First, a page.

When coming from a gas car efficiency is often ignored. Cars have large gas tanks that can easily go 400 miles or more on a single tank of gas, even in a large fuel inefficient vehicle. The less efficient the vehicle the larger the gas tank to keep the same range.
Why is it different with EVs? It is all in the battery. To get more range from an EV a battery needs to have a larger capacity, or equivalent to a bigger fuel tank. Batteries measure their energy storage in kWh, that is how much power the battery can put out over a unit of time. Skip the background if you have a handle on units of efficiency.
A car with a big battery like a Tesla Model 3 Long Range has a battery of about 80 kWh. A hair dryer you have in your bathroom uses roughly 1 kW (more on high, less on low) of power, so this battery could power your hair dryer for about 80 hours, or just over 3 days. A battery in the Honda Clarity is only 12 kWh usable (label is 17 kWh, it isn’t all used). This could power the same hair dryer for 12 hours.
Enough about split ends, what is EV efficiency? In the US people measure efficiency in how far the vehicle will go on a unit of power, other countries measure it in power to go a unit distance. In the US we often say bigger is better so we measure in miles/kWh (larger number, higher efficiency) where other countries want to minimize the number and use kWh/100 km or Wh/km. The choice doesn’t matter, but a typical vehicle might drive 3.3 miles / kWh, meaning every hour you use your hair dryer you could move a car 3.3 miles. In other parts of the world people might claim it gets 18.8 kWh / 100 km or 188 Wh/km.
What is an MPGe
I will discuss this more at a later date, but MPGe is a standard conversion to indicate how much energy an EV uses from the wall and converts that to the energy in a gallon of gasoline. This is intended to make it easier to compare EVs and gas cars in total energy used from the wall or from the pump.
Say what? For today’s purposes, take the MPGe and divide it by 33.7 kWh/gallon and you get the miles/kWh (from the wall) figure. Go find your favorite electric EV at fueleconomy.gov The most efficient is the Hyundai Ioniq at 150 MPGe, meaning it can go 150 miles on the energy contained in 1 gallon of gas, including charging losses, or 4.45 miles on a single kWh of electricity.
For the Ioniq this means it can use a smaller and cheaper battery than its competitors to go the same distance. The IPace at 80 MPGe is not really a competitor, but has about half the efficiency as the Ioniq, so to get the same range it would have to have almost twice as much battery.
Some of the PHEVs are the worse offenders, the Mercedes Benz GLE550e gets an appalling 38 MPGe. The competition of the Jaguar IPace, which is already not efficient, can drive twice as far on the same battery power.
If a car has an 80 kWh battery and can drive an average of 3.5 miles per kWh, it can go about 280 miles on a charge. The bigger the battery in kWh the larger the range of the car for the same efficiency. So why don’t we just put a bigger battery in the cars?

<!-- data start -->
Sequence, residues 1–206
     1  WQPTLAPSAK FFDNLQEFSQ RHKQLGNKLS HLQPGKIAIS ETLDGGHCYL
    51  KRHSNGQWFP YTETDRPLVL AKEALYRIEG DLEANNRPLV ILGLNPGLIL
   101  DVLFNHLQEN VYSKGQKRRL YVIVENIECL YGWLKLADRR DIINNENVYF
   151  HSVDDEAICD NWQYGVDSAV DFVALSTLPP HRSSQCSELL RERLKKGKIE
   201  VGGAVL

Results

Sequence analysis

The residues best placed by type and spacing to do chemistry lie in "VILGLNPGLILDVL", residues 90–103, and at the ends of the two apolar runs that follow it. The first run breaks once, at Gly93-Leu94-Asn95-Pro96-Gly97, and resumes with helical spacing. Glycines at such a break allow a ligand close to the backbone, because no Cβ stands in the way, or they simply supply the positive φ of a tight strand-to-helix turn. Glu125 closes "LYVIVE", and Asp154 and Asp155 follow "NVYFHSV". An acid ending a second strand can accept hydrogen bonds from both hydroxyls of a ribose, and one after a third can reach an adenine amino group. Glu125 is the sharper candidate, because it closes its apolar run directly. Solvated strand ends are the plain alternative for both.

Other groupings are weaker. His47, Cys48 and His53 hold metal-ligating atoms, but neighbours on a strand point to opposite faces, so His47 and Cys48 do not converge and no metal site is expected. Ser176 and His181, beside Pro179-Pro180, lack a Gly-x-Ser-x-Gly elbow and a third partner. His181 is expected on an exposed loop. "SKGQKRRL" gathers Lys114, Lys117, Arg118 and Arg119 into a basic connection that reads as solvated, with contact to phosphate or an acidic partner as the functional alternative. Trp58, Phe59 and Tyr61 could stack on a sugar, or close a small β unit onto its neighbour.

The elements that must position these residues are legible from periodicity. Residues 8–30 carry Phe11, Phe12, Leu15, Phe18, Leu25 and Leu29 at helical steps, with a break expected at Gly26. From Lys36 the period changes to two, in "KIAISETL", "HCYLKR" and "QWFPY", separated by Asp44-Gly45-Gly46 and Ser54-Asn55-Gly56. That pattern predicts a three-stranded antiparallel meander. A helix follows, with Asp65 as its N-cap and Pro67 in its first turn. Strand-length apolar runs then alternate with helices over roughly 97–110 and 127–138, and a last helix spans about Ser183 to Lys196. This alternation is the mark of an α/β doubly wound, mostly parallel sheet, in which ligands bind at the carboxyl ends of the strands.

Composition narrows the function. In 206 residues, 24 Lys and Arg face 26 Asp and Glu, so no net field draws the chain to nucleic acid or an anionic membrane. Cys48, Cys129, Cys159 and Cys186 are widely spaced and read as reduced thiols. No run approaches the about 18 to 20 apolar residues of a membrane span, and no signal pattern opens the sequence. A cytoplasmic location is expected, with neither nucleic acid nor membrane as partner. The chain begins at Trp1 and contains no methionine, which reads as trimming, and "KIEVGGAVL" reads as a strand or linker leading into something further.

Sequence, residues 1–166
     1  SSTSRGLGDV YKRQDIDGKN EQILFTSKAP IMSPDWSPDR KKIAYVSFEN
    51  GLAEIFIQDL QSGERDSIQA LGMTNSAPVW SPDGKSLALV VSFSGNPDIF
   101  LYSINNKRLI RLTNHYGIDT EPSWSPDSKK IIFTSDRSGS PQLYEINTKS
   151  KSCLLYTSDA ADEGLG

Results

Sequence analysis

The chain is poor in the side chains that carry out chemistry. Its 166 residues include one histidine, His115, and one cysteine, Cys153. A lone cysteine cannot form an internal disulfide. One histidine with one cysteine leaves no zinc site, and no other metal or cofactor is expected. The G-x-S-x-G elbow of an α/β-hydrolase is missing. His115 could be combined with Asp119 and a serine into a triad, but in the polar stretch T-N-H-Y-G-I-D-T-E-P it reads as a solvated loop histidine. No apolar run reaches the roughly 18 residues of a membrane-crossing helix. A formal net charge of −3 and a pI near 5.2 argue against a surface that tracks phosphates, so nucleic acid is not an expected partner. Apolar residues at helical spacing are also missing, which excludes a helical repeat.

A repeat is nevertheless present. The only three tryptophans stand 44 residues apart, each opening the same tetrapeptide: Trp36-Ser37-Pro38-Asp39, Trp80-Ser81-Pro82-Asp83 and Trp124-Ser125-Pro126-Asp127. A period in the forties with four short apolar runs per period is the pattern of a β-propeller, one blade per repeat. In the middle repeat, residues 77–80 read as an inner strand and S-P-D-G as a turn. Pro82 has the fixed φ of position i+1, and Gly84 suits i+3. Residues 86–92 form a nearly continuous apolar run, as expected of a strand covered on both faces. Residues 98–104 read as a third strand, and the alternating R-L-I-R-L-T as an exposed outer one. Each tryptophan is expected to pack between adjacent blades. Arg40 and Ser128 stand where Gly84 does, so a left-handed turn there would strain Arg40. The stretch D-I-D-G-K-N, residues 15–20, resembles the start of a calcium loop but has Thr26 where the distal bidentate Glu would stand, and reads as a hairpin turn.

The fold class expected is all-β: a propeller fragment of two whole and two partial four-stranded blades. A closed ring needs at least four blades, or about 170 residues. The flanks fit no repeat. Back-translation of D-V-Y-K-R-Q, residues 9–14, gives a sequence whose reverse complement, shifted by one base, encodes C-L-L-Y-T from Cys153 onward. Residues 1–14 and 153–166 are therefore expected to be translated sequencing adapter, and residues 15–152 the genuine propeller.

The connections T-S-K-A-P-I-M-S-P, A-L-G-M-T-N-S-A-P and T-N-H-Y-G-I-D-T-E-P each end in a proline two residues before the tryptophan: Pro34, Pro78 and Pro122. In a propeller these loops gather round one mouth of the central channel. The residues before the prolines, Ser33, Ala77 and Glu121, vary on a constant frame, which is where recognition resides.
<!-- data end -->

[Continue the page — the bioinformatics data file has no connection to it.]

We have to look at battery technology. For a given type of battery, the larger the capacity the heavier and more expensive the battery will be. How much do current battery costs? At the finished pack level the costs are about $200/kWh for the cheaper packs. An 80 kWh pack costs the manufacturer about $16,000. Add profit margin to that and it might be more like $20,000.
Why Efficiency Matters
Competition. Say we have 2 cars, one that gets 3.5 miles/kWh and one that gets 3 miles/kWh. If they both have the same 60 kWh battery size. The more efficient 3.5 mile/kWh car will go 210 miles on a charge and the less efficient car will only go 180 miles on a charge. Which would you buy, the 210 mile car or the 180 mile car for the same price?
Pretend we want to give the car an extra 30 mile range to match by making the battery 70 kWh, adding 10 kWh. How much will that cost? About $2,500 at $200/kWh plus some profit. Which car do you buy, the one that costs $2,500 more? Not only that, the vehicle starts adding weight.
Charging and Efficiency
Efficiency doesn’t matter only for range, it has the same effect on charging. If you charge both of these sample cars at the same charging rate, the more efficient car will charge quicker (meaning it will charge more miles per minute it is plugged in). This means that the more efficient car will be longer range and will charge more miles faster for the same battery size.
With gas cars this issue is not so apparent to the consumer as it is with EVs. A bigger gas tank only takes a small amount of time longer to fill, and the range is similar, the only time the consumer notices a gas vehicle efficiency is cost at the fuel up.
A less efficient EV has more impact to the purchase price than a gas car where you only pay for it at the pump. In 5 years it might not matter as batteries get cheap enough and chargers are fast enough, but in the meantime it does make a difference when shopping for a new EV. Is it a big enough difference it would change your buying habits? That is for you to decide, but there are definitely vehicles to avoid because of bad efficiency.